Martin Lewis explains what you should do if your energy deal is ending
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As you’re no doubt aware, energy prices are set to soar next month. Luckily, MoneySavingExpert Martin Lewis is on hand to offer some advice, this time if your current energy deal is coming to an end soon. Check it out:
The government’s energy price guarantee – still a significant increase on what we have been paying – comes into effect on October 1, and Lewis was asked the about whether the person should stay on an ‘astronomical’ fixed rate or move to the variable rate?
Lewis explained: “It’s a renaming.
“The energy price guarantee is a two-year-long price cap, when we’ve had three-month-long price caps.
“The way it’s looking right now, I’m not seeing that there are going to be any fixed deals offered, full stop.
“So, if you have a legacy one, that will be very expensive and the new price guarantee will see it’s rate come down but it’ll still be more expensive than the new price guarantee and the lowest it could come down to is the price guarantee price."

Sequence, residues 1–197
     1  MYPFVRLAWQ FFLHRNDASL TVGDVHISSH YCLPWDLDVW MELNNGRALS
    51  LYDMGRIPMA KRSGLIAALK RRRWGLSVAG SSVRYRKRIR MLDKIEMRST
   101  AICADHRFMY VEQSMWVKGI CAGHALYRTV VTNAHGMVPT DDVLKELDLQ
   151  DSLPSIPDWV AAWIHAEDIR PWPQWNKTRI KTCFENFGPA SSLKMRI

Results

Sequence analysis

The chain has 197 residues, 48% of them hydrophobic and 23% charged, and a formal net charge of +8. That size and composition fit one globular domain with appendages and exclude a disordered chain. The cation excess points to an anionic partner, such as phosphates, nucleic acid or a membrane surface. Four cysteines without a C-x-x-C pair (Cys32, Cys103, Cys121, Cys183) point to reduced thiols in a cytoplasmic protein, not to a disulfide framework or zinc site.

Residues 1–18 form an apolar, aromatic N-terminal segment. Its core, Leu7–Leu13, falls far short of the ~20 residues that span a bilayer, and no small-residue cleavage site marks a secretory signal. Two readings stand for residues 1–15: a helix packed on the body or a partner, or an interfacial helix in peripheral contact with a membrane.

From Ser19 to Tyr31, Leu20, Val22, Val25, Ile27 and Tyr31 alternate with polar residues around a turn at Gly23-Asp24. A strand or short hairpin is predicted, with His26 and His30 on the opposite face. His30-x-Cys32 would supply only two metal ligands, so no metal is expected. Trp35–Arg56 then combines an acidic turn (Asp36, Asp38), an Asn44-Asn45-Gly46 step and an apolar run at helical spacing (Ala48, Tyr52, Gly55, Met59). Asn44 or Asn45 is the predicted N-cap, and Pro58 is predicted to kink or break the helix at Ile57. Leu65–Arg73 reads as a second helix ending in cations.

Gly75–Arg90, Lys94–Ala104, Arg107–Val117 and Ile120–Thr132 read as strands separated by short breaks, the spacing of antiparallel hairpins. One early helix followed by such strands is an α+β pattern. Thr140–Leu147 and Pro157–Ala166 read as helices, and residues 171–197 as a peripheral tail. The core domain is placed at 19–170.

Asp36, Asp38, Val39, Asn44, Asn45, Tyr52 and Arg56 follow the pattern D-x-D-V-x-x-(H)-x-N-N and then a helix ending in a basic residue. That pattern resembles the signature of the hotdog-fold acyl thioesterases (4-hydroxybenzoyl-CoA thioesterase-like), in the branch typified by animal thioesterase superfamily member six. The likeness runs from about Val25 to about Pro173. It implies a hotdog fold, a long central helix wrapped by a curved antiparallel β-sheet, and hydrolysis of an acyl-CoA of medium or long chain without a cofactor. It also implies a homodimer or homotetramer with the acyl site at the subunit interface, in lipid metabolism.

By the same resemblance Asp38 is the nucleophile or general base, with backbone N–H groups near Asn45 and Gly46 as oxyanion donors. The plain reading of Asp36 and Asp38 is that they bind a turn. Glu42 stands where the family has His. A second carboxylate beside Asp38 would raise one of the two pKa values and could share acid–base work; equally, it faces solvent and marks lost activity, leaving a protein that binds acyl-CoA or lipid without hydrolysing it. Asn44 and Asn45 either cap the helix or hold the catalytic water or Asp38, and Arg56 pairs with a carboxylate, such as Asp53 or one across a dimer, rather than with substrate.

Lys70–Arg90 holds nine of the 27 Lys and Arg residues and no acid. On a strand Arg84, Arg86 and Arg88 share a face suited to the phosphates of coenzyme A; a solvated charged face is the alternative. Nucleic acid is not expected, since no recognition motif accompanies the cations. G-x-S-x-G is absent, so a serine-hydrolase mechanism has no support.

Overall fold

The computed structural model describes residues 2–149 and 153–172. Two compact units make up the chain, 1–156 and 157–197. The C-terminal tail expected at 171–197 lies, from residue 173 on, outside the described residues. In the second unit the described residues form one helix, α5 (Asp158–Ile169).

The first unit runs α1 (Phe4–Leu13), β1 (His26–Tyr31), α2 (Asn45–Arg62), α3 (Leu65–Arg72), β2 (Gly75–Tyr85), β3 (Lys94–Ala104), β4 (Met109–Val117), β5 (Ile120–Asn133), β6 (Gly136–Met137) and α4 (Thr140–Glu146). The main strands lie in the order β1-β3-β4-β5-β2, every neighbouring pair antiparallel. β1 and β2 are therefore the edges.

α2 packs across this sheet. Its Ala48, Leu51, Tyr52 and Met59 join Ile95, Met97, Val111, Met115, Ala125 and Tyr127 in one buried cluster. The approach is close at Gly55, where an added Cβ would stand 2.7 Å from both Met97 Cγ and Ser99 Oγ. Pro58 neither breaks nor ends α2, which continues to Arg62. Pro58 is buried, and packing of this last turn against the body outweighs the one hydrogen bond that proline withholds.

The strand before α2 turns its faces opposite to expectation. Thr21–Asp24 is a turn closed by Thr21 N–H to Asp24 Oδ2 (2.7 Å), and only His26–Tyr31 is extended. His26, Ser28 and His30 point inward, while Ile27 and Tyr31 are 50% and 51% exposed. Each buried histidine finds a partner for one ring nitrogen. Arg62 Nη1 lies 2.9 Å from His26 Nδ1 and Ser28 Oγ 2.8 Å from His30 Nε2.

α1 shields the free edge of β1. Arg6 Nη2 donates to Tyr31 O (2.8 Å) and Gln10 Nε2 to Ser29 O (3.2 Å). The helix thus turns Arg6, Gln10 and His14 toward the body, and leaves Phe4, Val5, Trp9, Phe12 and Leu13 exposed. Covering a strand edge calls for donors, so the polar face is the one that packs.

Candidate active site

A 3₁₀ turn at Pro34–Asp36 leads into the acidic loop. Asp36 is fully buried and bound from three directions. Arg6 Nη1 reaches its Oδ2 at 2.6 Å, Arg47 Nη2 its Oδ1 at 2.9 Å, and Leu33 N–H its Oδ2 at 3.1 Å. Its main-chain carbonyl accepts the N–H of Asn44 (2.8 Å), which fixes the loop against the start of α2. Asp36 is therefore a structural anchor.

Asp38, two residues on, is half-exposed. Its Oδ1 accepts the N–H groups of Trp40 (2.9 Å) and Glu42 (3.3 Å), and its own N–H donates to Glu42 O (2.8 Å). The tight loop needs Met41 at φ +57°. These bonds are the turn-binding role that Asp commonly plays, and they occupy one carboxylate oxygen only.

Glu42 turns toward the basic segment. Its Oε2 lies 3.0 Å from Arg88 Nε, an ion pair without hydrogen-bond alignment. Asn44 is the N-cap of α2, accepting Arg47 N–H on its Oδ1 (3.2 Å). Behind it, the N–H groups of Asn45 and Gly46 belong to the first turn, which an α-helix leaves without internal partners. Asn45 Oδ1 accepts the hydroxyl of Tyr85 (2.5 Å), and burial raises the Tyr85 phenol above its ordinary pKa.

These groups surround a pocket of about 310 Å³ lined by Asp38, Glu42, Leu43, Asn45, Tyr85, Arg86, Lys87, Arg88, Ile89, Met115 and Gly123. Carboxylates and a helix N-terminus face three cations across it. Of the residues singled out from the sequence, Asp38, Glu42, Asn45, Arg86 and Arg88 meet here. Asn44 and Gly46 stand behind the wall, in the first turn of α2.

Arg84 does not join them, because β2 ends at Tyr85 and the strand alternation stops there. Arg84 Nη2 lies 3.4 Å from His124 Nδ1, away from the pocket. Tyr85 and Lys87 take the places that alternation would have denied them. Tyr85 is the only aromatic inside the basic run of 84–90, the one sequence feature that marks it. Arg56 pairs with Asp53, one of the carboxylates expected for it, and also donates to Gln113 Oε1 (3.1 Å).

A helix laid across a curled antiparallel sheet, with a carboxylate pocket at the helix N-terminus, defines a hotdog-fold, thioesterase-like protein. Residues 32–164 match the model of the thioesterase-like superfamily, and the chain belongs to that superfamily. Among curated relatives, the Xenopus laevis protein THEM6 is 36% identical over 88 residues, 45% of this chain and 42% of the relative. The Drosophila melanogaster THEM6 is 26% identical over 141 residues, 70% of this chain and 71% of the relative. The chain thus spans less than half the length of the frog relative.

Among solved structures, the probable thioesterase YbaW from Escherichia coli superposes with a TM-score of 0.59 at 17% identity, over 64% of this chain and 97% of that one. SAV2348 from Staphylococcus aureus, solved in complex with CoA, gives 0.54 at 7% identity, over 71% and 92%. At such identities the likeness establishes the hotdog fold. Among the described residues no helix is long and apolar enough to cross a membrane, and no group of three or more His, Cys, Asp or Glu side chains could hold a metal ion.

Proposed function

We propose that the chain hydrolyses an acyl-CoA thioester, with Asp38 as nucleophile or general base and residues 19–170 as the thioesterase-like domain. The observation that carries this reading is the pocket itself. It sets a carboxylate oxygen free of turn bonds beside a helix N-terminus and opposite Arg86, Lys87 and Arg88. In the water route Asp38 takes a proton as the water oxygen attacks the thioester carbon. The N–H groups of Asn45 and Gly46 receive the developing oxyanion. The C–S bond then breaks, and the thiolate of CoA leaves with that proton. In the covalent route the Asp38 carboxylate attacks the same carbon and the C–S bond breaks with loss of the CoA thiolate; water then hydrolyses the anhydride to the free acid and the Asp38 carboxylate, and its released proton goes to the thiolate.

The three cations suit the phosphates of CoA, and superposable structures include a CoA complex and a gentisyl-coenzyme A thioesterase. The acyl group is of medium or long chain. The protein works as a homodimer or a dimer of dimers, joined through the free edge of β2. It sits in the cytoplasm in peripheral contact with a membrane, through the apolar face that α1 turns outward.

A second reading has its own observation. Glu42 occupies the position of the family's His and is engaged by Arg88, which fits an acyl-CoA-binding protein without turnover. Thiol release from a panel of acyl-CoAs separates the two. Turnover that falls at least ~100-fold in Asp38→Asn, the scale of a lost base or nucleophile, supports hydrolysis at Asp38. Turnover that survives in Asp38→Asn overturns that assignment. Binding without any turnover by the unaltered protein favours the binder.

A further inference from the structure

He continued: “There’s absolutely no possible gain for you with being on the fixed – the best that fixed could be is the same rate as you would pay if you stayed onto the variable rate and went onto the price guarantee.
“So, do nothing in that specific circumstance.”
Following that example, Lewis then explained why the fixed rates are perhaps not the best rate to be on with the forthcoming spike in cost of energy.
To paraphrase, if you’re currently on a fixed rate that is below the price cap, that’s where it will stay, but if you’re on one that is more than the price cap, the lowest that price will fall will be to that £2,500 maximum price guarantee.
For those who have fixed their rate recently, possibly at a massively high level, the price will fall but might not fall down to the levels of the price guarantee.
However, Lewis claims he negotiated with energy companies to get them to allow customers on those rates to leave without fuss and switch to the guaranteed price.
Essentially, you should check the regional unit rates for your fix – there’s a calculator for that on the MoneySavingExpert website – and work out whether you should stick with what you’ve got or move to the variable rate instead, which will probably put you around at the price guarantee.
It’s a complicated world, but we’re all going to have to learn a bit about it if we’re going to make it through the winter without paying through the nose.
At least Lewis is on hand to offer some practical advice.
MoneySavingExpert has created an energy bill calculator that you can access here